Sit in front of a mirror and practice your upper body.  Its best if you sit on a tall stool or if you have a saddle that has a stand you can sit on, that works the best.  Face to where you are looking at the side of your body.  Try to place your ears over your shoulder then balance your shoulders over your hips then bring your legs into position so that your heels are under your hips.  Now you should have a straight line from your shoulders, to your hips, to your heels.  Next work on the look and placement of your hands and arms, I can't really explain your hands without showing you but look at some magazines of top equitation riders and study not just their hands, but every detail of them, then compare the riders.  Next work on your posture but don't try to break your back!  Many people think you must have a prominent arch in your back.  You want to slightly suck in your stomach to engage your abs.  Now pull your shoulders back.  Bring your shoulders up and roll them back, then set them down.  This gives you proper placement.  Now your chest should appear wider.  Then you want to bring your ribcage up and out of your belt.  This next part is a little difficult but can be helpful: holding your position, take a deep breath and relax to where you feel your weight sink into the chair (you want to set your feet on something for this but don’t set them straight ahead, keep them underneath you) you may have to do this a few times before you actually feel it.  Now take another deep breath, and as you inhale, lift your neck like a string is connected to the top of your head as your whole body lifts.  Now as you exhale leave your neck stretched up as if the string is tightened and let your shoulders and body sink back into position.  Do not strain your neck!  This exercise is supposed to help you relax and elongate your neck when you lift and open up your chest.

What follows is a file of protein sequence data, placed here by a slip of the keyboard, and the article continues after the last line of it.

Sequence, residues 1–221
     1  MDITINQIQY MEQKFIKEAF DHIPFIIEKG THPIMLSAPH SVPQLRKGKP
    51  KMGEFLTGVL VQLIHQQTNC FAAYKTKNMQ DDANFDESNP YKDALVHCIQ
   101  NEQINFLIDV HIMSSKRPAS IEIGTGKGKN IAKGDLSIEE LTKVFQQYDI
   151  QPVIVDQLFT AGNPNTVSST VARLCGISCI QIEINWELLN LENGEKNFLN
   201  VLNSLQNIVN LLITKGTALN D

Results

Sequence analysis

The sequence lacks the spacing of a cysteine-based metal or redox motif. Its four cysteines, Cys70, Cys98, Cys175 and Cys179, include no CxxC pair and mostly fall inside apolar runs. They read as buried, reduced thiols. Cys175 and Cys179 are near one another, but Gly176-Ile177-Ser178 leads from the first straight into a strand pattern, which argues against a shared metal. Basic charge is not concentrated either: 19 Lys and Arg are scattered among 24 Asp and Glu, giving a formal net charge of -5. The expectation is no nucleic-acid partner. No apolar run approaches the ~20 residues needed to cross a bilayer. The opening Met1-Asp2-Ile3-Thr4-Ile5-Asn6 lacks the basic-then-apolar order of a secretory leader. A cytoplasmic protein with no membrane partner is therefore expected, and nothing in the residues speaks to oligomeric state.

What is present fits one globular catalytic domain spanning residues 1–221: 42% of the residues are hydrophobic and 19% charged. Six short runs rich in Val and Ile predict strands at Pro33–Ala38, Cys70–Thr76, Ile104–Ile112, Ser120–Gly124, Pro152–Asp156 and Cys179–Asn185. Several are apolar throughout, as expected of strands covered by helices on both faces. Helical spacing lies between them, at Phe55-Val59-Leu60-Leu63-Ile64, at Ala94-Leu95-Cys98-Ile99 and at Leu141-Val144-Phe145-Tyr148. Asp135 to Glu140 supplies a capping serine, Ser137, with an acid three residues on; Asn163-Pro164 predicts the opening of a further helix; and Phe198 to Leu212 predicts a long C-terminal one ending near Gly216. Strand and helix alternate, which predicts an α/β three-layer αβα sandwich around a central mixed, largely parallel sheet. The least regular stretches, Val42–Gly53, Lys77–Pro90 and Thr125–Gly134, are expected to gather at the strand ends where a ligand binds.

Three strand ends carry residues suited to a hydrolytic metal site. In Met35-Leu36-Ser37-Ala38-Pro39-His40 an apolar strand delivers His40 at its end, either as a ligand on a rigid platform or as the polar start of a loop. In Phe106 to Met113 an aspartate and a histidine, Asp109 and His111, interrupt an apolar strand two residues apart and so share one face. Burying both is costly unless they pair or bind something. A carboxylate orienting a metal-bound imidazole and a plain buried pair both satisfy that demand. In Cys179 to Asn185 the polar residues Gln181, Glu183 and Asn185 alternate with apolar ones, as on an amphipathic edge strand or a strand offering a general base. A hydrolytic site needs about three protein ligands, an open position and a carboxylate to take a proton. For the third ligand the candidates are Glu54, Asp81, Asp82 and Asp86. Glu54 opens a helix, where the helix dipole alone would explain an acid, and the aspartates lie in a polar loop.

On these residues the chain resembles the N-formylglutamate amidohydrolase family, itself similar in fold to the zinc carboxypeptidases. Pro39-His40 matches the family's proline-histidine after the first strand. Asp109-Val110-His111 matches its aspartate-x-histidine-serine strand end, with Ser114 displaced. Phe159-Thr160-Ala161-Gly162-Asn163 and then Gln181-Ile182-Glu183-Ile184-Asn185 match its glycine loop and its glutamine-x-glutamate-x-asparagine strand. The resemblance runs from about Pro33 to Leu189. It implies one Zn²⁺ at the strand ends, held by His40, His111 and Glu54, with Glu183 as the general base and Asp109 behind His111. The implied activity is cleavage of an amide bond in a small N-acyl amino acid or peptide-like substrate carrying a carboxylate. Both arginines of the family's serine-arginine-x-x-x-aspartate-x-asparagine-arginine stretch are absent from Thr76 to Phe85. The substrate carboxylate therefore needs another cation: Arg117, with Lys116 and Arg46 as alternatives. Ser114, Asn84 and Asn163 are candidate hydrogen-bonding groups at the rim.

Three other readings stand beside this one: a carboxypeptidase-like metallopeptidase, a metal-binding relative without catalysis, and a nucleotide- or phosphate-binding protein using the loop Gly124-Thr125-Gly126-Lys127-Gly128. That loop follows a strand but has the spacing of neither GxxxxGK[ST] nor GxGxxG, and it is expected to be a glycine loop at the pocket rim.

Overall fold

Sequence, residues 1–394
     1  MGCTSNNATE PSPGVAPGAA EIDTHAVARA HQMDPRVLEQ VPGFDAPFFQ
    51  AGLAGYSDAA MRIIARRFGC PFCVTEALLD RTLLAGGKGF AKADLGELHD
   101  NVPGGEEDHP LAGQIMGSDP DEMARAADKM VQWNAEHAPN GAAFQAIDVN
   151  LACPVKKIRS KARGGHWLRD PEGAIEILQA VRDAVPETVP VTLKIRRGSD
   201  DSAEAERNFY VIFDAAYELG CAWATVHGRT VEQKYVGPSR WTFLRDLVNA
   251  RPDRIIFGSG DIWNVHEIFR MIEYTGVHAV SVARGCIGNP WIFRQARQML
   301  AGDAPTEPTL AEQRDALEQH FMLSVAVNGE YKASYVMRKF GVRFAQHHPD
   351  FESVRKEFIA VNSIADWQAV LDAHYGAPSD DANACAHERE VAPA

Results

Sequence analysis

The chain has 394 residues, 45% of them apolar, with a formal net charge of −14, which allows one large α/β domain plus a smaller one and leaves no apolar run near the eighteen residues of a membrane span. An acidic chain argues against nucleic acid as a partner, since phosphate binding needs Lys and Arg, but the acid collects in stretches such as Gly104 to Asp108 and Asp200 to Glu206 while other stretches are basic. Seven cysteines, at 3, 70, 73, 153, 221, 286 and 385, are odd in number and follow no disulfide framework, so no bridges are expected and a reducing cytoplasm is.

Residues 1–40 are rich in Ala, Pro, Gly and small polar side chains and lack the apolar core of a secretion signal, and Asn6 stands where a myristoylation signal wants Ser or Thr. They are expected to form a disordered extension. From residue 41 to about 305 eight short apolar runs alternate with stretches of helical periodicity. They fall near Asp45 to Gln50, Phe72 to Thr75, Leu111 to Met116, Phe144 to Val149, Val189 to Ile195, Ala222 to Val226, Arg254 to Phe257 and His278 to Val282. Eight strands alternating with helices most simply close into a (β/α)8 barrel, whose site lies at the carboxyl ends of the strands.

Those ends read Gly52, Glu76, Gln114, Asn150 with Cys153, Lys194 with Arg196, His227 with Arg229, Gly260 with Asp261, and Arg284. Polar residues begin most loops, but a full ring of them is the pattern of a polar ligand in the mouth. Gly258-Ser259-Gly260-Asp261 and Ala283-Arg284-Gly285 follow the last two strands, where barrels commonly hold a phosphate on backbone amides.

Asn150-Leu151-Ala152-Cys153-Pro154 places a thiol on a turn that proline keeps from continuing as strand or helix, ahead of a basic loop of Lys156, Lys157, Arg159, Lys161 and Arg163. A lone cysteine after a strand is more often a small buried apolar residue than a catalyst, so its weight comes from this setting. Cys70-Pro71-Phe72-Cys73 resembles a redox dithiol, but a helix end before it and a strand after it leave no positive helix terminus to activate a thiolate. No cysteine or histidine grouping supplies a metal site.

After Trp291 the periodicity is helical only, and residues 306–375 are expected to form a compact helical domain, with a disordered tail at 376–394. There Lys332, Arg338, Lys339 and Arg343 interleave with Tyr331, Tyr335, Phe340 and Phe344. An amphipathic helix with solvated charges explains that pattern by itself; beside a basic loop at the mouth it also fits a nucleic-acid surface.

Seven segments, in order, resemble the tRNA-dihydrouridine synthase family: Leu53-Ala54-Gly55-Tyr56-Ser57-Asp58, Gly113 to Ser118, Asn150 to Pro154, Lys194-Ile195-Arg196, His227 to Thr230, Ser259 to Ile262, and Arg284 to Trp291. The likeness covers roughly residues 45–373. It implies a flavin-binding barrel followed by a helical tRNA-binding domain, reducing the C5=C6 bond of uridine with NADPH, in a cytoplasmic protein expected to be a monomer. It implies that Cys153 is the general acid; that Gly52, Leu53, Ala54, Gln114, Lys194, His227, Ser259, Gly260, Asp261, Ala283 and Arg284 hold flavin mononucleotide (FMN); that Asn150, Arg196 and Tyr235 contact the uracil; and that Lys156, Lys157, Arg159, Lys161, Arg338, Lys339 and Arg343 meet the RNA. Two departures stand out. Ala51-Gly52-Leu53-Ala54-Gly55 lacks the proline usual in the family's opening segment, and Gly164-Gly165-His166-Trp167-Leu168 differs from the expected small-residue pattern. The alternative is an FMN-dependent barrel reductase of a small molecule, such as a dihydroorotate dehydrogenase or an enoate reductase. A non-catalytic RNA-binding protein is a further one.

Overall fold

The one part of equitation that is the hardest is to stay RELAXED.  You want to hold your position but in a relaxed and calm way. One of my friends Casie Morgan Tibolet (who has won Louisville and Morgan Nationals in SS Equitation) taught me this stretching exercise to help stretch your shoulders. Take one arm and make the biggest circles you can going backwards, then switch arms. You may feel your shoulders pop, but as long as there isn't any pain, it's good.
Now after you have studied the side of your body, turn to where you are facing to front of your body (you may want a mirror on the side so you can still see the side of your body).  Get back into proper position and then look at yourself.  Study every part making sure your legs are out, heels down, etc.  Now you want to make everything even.  I have a tendency to ride with my right shoulder slightly lower than my left but now it's not noticeable.  If you’re on a saddle, make sure your legs are at an even length and that one is not away from the saddle more than another and the same with your elbows.  I also have a tendency to put more weight in my right stirrup than my left (this is why you should make sure your trainer will stand behind/in front of you while your doing trotting exercises down the middle) having uneven legs can also make your back curve.
- Hilary Keller